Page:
I considered putting this on the GET LAMP weblog, but I decided it just didn’t fit, because this isn’t really about the documentary, but about a person, and his relation to something he loved.
It echoed around inside interactive fiction circles that Paul Panks had died, and while people were positive this was a prank, the obituary was tracked down pretty quickly:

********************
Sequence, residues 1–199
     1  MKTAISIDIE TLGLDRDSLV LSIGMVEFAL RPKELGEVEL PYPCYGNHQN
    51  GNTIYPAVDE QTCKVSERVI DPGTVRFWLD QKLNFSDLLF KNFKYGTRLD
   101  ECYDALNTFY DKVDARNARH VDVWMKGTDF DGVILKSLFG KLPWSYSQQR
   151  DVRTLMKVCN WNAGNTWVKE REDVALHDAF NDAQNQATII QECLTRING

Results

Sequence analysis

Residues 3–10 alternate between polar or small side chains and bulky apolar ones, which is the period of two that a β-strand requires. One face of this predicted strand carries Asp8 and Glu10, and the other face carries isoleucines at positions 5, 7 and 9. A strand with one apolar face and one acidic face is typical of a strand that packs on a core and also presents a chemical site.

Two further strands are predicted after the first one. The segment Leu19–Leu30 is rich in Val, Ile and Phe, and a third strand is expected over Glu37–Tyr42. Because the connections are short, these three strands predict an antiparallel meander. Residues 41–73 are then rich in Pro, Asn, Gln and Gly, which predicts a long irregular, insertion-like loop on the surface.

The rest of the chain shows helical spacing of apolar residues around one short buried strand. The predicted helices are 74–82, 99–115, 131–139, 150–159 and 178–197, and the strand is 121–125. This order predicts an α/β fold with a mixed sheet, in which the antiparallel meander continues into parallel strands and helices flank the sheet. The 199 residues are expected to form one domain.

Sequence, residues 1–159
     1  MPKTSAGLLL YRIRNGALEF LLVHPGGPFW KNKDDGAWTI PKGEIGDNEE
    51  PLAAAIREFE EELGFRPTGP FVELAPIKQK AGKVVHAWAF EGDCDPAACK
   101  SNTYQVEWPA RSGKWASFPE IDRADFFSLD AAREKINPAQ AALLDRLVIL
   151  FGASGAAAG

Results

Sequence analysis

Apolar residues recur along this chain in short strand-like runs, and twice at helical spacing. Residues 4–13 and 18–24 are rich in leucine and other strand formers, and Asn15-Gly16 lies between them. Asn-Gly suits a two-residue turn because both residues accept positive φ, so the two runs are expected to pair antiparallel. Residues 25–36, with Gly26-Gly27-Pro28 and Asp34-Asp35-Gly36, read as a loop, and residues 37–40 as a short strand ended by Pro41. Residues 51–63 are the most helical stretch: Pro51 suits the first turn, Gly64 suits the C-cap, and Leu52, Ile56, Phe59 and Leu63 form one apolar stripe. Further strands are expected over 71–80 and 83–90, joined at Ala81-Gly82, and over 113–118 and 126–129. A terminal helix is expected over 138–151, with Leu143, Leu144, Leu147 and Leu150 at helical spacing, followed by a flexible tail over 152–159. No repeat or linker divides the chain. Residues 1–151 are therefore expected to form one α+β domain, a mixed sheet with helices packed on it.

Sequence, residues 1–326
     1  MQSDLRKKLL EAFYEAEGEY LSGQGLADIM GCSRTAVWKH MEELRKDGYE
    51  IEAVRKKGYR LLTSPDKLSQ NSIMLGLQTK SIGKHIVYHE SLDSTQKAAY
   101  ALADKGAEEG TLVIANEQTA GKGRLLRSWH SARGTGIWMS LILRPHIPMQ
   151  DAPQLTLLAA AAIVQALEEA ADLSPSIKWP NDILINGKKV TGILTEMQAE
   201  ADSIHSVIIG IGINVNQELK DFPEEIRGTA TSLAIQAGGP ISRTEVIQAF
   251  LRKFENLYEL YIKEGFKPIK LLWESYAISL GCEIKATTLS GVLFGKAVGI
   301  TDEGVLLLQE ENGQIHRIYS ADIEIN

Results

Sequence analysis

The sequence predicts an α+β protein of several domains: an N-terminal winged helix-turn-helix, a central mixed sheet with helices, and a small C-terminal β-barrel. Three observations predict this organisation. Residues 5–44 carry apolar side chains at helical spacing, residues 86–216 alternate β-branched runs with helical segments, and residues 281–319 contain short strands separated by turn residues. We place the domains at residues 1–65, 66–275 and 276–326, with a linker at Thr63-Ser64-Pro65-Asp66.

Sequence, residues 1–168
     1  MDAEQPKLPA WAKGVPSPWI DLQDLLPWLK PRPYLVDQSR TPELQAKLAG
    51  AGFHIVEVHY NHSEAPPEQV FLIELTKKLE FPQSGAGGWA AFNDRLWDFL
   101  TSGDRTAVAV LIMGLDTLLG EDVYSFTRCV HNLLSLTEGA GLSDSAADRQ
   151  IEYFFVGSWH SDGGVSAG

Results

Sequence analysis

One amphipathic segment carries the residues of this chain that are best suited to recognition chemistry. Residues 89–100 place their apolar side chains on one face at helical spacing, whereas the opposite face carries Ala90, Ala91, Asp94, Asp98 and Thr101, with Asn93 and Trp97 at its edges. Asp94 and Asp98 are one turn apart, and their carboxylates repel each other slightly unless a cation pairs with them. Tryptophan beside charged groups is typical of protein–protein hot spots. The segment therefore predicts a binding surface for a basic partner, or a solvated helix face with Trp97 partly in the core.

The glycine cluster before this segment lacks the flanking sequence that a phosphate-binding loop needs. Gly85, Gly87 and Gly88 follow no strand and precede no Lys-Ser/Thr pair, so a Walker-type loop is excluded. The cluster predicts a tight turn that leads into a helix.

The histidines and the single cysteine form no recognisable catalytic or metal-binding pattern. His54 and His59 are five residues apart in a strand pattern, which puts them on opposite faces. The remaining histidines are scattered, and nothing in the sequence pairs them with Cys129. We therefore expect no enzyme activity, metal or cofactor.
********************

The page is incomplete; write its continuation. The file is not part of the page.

The life of Paul Allen Panks literally came full circle when he passed away unexpectedly July 5, 2009 two days before his 33rd birthday. He was born three months prematurely at St. Joseph’s Hospital in Phoenix on July 7, 1976, where he spent four months in the Neonatal Intensive Care Unit. It was this fighting spirit that endeared him to us from the start, and helped him with the challenges he would face in his later years. Growing up Paul spent hours drawing, writing & creating computer adventure games, hobbies he enjoyed all of his life. He graduated from Chaparral High School in 1995 and earned a BS degree in Sociology from Northern Arizona University. Paul was preceded in death by grandparents Allen and Lois Panks, and Jim and Ann Williams. He is survived by his parents Gary and Judy, brother Brian, Aunt Jan McLaughlin (Jim), cousins Ryan McLaughlin (Sharon), Tim McLaughlin (Leann), Ethan and Mia McLaughlin, and the Loeffler family. He is also survived by Aunts Shirley Przylucki (Chet), Sally Higdon (Don), and many other loving family members and friends. A celebration of Paul’s life will be held 4:00 P.M. Wednesday, July 15, at Shadow Rock United Church of Christ, 12861 N. 8th Avenue, Phoenix. In lieu of flowers, the family suggests donations in Paul’s memory to: The Marc Center East Village, 924 N. Country Club Drive, Mesa Arizona 85201, Attention: Cheryl Anderson. Life will never be the same without Paul, who left us way too soon. Arrangements by Messinger Indian School Mortuary.OK, so here’s the thing about Paul Allen Panks.